Sinking 'Calypso' but not her Spirit?

Fabien's and Philippe's respective nonprofit ventures and activities are independent of one another, owing in part to long-standing rifts in their parents' generation and strict legal restrictions placed on them by Captain Cousteau's second wife, Francine.

Based in France, Captain Cousteau's former mistress gained full control of his "official legacy" and use of his famous "brand." She is promoting her own son, Pierre-Yves Cousteau, 32, as the rightful heir to the famous ocean explorer's legacy, to little effect in the United States and rarely noticeable impact elsewhere, sadly. In fairness, he's making an effort:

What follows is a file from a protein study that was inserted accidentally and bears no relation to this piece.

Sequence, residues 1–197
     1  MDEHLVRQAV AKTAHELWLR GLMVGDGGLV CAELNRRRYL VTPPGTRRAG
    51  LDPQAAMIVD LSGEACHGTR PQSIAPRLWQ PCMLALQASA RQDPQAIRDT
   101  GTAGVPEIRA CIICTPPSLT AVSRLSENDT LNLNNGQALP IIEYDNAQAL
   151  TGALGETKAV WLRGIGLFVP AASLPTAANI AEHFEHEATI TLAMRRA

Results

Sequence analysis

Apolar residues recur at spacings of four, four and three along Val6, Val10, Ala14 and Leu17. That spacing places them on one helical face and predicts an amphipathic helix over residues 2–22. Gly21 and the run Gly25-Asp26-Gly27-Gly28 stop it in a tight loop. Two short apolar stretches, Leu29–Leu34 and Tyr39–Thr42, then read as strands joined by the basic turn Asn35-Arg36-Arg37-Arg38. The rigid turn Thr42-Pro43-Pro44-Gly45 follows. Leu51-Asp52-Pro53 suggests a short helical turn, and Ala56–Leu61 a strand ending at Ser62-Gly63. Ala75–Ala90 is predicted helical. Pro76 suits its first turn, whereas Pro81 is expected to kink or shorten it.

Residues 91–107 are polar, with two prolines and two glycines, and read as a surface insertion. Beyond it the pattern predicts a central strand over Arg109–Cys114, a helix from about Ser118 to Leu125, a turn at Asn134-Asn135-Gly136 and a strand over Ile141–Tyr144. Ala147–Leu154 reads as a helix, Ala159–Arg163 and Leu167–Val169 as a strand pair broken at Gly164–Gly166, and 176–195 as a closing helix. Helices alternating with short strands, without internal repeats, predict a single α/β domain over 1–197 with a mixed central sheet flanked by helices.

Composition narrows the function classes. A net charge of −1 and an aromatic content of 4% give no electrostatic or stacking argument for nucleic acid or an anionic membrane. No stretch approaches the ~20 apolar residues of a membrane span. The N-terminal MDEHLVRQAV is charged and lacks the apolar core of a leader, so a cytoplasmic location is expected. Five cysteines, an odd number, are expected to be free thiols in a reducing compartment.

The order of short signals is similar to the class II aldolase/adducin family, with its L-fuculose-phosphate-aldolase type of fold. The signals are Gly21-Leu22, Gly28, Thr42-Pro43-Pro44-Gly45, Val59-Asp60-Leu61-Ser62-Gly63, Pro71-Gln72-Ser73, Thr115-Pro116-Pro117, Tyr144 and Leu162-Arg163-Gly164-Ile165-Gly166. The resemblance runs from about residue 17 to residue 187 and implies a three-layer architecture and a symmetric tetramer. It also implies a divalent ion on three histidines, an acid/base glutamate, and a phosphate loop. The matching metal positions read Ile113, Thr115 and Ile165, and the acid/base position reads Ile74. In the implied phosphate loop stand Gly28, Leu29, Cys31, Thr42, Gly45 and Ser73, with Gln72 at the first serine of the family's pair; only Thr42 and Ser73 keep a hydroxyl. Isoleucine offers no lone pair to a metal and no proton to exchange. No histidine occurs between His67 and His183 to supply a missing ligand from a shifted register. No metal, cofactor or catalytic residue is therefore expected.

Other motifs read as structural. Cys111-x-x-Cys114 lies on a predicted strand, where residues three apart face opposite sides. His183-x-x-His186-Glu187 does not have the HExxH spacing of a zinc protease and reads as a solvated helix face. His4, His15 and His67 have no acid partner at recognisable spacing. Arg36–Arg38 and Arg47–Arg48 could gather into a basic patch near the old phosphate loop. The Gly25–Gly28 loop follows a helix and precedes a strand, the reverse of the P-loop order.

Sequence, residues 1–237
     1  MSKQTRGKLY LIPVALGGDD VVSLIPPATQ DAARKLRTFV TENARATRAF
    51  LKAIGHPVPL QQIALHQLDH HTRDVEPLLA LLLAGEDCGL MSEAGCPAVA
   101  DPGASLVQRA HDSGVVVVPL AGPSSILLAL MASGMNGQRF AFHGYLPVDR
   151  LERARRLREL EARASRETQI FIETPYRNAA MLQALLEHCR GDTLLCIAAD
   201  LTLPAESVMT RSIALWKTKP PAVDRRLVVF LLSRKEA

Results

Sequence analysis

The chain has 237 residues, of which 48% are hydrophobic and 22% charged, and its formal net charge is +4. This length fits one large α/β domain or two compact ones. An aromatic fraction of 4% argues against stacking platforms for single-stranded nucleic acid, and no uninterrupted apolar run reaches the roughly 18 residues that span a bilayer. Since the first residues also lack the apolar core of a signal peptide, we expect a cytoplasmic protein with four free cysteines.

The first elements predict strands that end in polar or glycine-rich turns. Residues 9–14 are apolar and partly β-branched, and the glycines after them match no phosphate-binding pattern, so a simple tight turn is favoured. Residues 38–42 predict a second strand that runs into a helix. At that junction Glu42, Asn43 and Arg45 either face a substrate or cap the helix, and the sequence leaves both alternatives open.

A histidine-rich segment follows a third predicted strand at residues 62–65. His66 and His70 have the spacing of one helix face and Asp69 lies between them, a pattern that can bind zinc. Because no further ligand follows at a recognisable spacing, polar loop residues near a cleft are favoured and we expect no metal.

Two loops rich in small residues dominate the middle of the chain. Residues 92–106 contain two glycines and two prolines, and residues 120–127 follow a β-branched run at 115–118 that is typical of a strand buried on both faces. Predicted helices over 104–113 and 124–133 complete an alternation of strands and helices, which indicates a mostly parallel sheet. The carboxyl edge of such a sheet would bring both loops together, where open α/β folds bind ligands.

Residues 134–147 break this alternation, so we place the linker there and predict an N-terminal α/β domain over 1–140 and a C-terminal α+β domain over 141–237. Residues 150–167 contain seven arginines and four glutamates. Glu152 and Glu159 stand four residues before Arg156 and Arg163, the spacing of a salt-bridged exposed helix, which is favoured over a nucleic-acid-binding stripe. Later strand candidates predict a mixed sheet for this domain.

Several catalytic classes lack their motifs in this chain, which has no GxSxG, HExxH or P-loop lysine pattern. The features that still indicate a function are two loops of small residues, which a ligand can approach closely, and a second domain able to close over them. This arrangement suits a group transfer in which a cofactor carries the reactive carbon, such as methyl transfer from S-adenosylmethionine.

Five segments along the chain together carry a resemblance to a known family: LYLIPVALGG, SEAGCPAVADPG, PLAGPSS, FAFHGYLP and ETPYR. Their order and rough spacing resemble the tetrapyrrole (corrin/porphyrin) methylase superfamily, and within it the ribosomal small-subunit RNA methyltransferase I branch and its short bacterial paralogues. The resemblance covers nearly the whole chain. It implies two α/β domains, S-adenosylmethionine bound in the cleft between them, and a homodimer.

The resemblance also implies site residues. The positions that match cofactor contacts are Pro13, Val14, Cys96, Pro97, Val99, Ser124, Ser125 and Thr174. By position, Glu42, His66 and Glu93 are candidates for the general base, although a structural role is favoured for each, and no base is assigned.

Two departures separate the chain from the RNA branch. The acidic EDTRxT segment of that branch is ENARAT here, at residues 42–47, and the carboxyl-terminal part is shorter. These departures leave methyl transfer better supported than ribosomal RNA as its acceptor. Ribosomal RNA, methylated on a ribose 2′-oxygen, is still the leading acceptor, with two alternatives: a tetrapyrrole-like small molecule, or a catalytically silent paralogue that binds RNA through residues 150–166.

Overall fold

Jean-Michel Cousteau, the actual reigning patriarch of the Cousteau clan, has been nothing if not gracious to his father's other children, Pierre-Yves and his sister, Diane, as evidenced at his Ocean Futures website:

In terms of the Cousteau legacy and its effectiveness, the family fratricide has been nearly devastating.

Francine has essentially shut down The Cousteau Society, once the fourth largest environmental group in the United States, at its high point with 225,000 dues-paying members and film contracts with PBS, Ted Turner and worldwide television audiences upwards of a billion.

The Cousteau Society still exists, but as a shadow of its former self. The aged research vessel, Calypso, remains in a long limbo between sporadic efforts to repair and refloat the ship and calls to bury her at sea.